Archive for November, 2009

Movie Review: Hot Fuzz (2007)

November 29, 2009

Hot Fuzz


Director: Edgar Wright

  Release Date: February 2007

 Cast: Simon Pegg – Sergeant Nicholas Angel, Nick Frost – PC Danny Butterman, Jim Broadbent – Inspector Frank Butterman, Bill Nighy – Metropolitan Chief Inspector Kenneth, Timothy Dalton – Simon Skinner


Intro: Recently voted as UK movie fans favourite comedy film of all time (Odeon poll 2009) I thought I’d revisit this movie myself and put up a quick review! I’ve always preferred this one to Shaun, but I did see Hot Fuzz first. Strangely, a lot of people I asked about both of these films tend to prefer whichever of the two they saw first. Anyway, enough rambling from me on with the review!

Plot: Sergeant Nicholas Angel (Simon Pegg) is the finest police officer London has to offer, with an arrest record higher than any other on the force. However, his superiors have decided that he is making them look bad and so they send him to the seemingly sleepy town of Sandford miles out in the country. It would seem that Sandford is not only winner of ‘village of the year’ several years in a row but also crime free. Once there, Angel is partnered with overeager PC Danny Butterman (Nick Frost) whose police training consists of watching too many cop movies and going to the pub. PC Danny Butterman is also the son of amiable Police Chief Frank Butterman (Jim Broadbent).  Angel’s new assignment sees him growing more and more frustrated and is made even worse when, after a series of grisly ‘accidents’, the villagers and the police seemingly turn a blind eye to the possibility of foul play. Angel is convinced that Sandford is not what it seems and is convinced there is more sinister and darker going on.

Review: Through a montage of chase scenes and action set pieces in London we are introduced to PC Nicholas Angel, presented as one of the greatest officers the Metropolitan police have ever had. However, fearful of Angel upstaging every other policeman in London he is packed off to the sleepy village of Sandford, and he is none to happy about the new assignment.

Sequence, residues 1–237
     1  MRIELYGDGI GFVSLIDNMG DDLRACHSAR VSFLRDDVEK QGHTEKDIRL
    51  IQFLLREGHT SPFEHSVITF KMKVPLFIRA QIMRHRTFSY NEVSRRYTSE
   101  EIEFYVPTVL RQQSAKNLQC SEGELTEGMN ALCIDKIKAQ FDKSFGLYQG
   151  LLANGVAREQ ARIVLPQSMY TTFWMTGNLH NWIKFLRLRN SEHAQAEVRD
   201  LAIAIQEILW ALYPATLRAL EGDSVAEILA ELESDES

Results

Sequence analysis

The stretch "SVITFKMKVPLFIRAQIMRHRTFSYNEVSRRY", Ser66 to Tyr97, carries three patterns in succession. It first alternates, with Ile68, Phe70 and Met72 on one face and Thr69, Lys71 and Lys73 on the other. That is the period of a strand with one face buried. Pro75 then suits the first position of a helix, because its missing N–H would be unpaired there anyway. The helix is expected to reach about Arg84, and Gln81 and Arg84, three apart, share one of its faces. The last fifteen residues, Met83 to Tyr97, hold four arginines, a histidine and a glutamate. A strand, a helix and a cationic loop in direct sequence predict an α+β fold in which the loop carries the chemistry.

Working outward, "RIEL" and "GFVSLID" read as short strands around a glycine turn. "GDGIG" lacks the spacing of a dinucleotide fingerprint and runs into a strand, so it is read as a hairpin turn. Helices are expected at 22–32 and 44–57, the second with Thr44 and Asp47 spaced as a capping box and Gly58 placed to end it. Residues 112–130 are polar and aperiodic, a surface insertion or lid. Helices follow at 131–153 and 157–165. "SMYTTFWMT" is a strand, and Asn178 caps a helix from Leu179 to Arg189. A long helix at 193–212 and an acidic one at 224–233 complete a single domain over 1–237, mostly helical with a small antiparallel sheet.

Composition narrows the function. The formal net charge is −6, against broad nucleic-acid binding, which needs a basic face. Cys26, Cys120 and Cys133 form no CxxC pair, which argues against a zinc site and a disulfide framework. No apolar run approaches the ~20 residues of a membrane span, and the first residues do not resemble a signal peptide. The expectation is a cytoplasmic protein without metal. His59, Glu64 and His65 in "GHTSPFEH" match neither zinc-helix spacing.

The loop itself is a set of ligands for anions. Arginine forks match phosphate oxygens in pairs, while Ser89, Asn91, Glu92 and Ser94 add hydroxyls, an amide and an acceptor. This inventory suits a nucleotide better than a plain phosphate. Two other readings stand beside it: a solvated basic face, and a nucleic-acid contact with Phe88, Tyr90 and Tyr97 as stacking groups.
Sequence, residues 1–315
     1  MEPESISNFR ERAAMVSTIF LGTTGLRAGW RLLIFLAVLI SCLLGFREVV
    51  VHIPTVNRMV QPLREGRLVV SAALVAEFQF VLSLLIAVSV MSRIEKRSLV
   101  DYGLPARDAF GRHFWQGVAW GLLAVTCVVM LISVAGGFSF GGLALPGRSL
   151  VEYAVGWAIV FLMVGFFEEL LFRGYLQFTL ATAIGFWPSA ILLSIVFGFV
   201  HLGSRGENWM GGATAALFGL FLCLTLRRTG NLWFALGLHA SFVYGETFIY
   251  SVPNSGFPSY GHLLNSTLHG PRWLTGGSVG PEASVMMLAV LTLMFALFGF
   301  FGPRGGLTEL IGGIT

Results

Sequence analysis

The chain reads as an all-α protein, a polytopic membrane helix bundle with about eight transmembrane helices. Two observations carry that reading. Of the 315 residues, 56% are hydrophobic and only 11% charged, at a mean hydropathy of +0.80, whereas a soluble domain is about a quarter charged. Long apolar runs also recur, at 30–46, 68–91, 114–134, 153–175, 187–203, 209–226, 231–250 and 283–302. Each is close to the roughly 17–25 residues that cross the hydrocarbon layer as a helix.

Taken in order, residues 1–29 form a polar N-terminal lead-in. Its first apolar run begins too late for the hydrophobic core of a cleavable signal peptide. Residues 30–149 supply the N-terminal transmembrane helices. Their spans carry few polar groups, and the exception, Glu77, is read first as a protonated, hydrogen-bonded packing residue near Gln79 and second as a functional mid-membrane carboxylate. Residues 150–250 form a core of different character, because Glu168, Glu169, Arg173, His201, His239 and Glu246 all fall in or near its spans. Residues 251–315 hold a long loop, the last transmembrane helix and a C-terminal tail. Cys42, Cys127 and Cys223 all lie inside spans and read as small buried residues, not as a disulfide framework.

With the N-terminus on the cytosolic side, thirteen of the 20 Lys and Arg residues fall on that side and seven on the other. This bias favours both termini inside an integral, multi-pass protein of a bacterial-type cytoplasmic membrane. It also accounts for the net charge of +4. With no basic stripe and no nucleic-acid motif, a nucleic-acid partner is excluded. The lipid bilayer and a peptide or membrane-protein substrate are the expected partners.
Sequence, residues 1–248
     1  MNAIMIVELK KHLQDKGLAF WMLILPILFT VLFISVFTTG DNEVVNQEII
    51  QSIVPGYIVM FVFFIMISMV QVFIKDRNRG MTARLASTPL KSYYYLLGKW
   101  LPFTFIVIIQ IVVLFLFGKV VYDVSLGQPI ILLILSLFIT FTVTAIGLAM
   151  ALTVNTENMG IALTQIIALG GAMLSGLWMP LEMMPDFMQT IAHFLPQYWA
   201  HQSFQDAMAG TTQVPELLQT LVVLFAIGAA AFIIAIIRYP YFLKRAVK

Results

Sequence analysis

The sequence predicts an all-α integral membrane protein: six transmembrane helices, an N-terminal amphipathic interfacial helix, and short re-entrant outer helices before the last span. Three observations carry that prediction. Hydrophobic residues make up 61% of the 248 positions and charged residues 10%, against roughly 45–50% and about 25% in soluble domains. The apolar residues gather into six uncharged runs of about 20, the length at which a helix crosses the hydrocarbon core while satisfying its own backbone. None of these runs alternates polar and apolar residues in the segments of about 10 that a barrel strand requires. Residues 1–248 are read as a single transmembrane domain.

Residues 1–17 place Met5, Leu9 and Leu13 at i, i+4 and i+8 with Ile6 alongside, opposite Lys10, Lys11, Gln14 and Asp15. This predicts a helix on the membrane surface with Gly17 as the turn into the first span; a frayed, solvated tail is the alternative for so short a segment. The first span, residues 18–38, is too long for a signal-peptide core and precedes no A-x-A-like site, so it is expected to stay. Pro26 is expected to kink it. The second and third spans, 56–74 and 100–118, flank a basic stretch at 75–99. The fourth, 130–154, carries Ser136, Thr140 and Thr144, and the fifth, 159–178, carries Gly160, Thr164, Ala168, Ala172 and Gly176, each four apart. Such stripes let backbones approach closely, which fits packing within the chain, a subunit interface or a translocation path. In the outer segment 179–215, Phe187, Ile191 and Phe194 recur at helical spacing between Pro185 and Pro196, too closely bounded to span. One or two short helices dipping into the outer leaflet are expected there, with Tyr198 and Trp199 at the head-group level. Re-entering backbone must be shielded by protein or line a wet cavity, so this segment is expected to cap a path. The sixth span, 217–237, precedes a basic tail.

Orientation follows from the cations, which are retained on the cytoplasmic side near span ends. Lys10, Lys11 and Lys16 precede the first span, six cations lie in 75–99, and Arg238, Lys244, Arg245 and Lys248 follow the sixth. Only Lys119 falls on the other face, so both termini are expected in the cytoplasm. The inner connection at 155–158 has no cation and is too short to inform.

From the word go the film is packed full of references and draws on this source material brilliantly throughout. It is presented from a very British perspective, in a village where everybody knows each other, but also combines story elements from films such Bad Boys II and Point Break, and puts this kind of explosive Hollywood action into the quaint ‘local’ village of Sandford. This works surprisingly well, and includes some excellent action set pieces with gunfights at the local Somerfield and local pub. The second half is the more action packed of the movie, with car chases through country lanes, a swan chase… and even an action packed fight scene in the towns own model village. This all produces (with a tongue in cheek feel) some funny scenes and great stunt work, including the odd one liner thrown in for good measure.

There are some inventively gory scenes, making this not the usual light hearted British comedy most are used to (as well as making everyone a bit more careful around churches and model villages). There are some great performances from everyone in the cast. Pegg and Frost make an awesome comedy duo. As well as the ‘moustache twiddling’ Simon Skinner played by Timothy Dalton and the supposedly kindly old amiable Chief Inspector Frank Butterman, played by Jim Broadbent.

Conclusion: Hot Fuzz is a homage to all buddy cop action movies in the years gone by. Hot Fuzz, like Shaun of the Dead draws from all the material that makes this kind of movie work. Shaun of the Dead was not only a spoof of all zombie movies, great and small, but it was also a thank you with a ‘tip of the cap’ gesture to all those movies too. Hot Fuzz does the same thing and it does it superbly. Pegg is brilliant as is Frost as his bumbling sidekick Danny Butterman. Overall an enjoyable, action packed comedy. Let’s hope this kind of writing, enthusiasm and feeling of personal input into a film continues. Now, does anyone fancy a cornetto?